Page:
Document Detail

Title: RR283-11 - Industrial Modularization: How to Optimize; How to Maximize
Publication Date: 4/1/2013
Product Type: Research Report
Status: Reference
Pages: 292
O'Connor, O'Brien, Choi, The Univ. of Texas at Austin
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Abstract

The benefits from applying a modular approach to industrial projects, in contrast to a conventional stick-built approach, can vary in nature and be very significant. Yet, except in extreme conditions, the industry has been slow to achieve high levels of modularization. Some would say that the industry has hit a ceiling in terms of percent stick-built work hours being exported offsite. Research Team (RT) 283 was charged with responding to this situation through collaborative research.

In framing their purpose in the team charter, the RT stated its essential question in the following way:

What changes or adaptations in traditional project work processes are required to create an optimum environment for broader and more effective use of modularization?

Focusing on the industrial sector, the team sought to compare an idealized all-modular work process with current, largely stick-built work processes, and to identify key high-value practices that are in need of change. In addition the team sought to identify and describe both strategies and critical success factors that together can enable industry to move toward higher levels of modularization.

The team started with a review of existing modularization literature and current modularization approaches and tools used by RT member companies. From extensive review of literature, the team identified that modularization benefits are generally well recognized. These benefits include lower capital costs, improved scheduled performance, increased productivity, higher overall quality, increased safety performance, reduced waste, better environmental performance, and reduced site-based permits. Impediments or dis-benefits of modularization were also identified from the literature and these include cost barriers, engineering design barriers, procurement barriers, logistics barriers, and expertise/ culture barriers. Many ideas of how to overcome impediments were also documented from the literature review.

In-depth team discussions led to the development of five distinct solution elements: 1) Business Case process, 2) Execution Plan differences, 3) Critical success factors, 4) Standardization strategy, and 5) Modularization maximization enablers.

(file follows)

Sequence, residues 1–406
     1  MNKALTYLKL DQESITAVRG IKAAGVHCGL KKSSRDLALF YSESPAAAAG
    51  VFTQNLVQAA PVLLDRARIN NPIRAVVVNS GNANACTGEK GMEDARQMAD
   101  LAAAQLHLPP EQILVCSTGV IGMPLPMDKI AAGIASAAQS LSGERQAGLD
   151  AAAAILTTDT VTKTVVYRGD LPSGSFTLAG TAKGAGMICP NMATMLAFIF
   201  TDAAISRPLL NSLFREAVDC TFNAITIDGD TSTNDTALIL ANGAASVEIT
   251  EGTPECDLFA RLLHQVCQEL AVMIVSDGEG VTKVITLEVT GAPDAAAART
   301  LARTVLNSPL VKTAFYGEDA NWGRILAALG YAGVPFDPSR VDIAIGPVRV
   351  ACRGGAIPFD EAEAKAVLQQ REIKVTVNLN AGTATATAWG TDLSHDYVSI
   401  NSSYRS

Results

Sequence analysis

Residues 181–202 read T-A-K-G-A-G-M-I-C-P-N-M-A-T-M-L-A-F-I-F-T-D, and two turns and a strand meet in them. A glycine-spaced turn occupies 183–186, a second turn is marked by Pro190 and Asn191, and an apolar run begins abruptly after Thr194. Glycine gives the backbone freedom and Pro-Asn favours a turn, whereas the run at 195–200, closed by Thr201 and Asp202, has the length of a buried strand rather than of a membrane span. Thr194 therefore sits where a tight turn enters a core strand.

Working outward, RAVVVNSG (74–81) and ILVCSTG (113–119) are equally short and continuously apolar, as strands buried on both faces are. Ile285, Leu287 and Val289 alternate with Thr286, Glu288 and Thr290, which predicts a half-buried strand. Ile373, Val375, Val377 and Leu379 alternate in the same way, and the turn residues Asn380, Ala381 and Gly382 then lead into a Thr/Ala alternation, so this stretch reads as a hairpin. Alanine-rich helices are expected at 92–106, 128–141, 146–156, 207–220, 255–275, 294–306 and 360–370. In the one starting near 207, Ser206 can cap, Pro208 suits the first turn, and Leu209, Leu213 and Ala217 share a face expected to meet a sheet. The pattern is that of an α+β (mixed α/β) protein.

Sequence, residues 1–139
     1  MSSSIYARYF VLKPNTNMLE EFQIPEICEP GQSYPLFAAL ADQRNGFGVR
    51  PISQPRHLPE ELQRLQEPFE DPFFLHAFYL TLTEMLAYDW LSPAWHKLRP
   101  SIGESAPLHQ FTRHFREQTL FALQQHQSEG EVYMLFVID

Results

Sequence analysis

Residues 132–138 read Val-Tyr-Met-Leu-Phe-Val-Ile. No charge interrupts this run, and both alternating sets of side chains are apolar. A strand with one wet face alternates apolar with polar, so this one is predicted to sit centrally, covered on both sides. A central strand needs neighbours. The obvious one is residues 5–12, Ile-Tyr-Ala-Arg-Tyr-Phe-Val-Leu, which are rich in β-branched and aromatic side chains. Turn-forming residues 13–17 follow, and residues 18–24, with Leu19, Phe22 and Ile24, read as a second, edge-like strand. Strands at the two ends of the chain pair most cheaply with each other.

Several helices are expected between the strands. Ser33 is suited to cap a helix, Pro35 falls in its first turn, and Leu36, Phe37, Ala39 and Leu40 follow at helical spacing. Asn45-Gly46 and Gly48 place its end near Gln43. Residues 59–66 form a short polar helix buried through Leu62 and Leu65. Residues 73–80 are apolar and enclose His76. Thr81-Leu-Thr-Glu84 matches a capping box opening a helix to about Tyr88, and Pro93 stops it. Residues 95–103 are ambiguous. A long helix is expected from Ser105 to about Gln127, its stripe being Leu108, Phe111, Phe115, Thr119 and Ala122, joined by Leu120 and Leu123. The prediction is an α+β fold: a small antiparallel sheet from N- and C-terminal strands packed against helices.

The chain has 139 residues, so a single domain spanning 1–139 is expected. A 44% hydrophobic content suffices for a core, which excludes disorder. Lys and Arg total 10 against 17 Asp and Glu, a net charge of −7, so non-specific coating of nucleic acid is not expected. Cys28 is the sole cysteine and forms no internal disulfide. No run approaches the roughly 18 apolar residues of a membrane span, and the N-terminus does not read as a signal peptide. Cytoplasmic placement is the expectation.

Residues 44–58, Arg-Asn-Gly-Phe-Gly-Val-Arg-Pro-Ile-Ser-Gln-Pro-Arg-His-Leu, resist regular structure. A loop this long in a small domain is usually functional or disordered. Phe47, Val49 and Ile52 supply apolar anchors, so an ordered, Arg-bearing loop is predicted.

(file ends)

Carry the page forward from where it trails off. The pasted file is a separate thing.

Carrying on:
Regarding the first solution element, the modularization business case process should be applied at the earliest opportunity, starting as early as Opportunity Framing and analyzed in greater depth during Assessment. For the industry to truly advance, project teams would be better served by considering the modular approach to be the default approach.

Regarding the second solution element, in contrast to stick-built projects, more than 100 differences in how modular projects should be planned and executed have been identified and organized by appropriate phase of implementation. Nearly half of these are applicable during the Basic Design phase.

Regarding the third solution element, 21 high-impact Critical Success Factors (CSF) have been identified. Owner responsibilities for CSF achievement during the Assessment and Selection phases are especially significant, and the industry appears to be having particular difficulty in achieving many of the CSFs.

As described in the fourth solution element, the benefits from combining modularization with design standardization can exceed the additive sum, and therefore is deserving of special consideration. Two basic approaches exist: 1) Standard modules; and 2) Modular standardized plant (MSP). The business case for standardization should recognize ten forms of economic advantages and three forms of economic disadvantages or tradeoffs. An eight-step process has been identified for those seeking to implement the MSP strategy, and a case study provides further insight into strategy implementation.

Lastly, industry-wide barriers continue to challenge broad-based application of modularization. The fifth solution element, a listing of 10 “maximization enablers,” has been identified as recommended counter-measures to these industry-level challenges. Each element is significant in its own way and should play an important role in achieving higher levels of modularization. Thus, industry leaders and project managers should be attentive to each of these five different solution elements.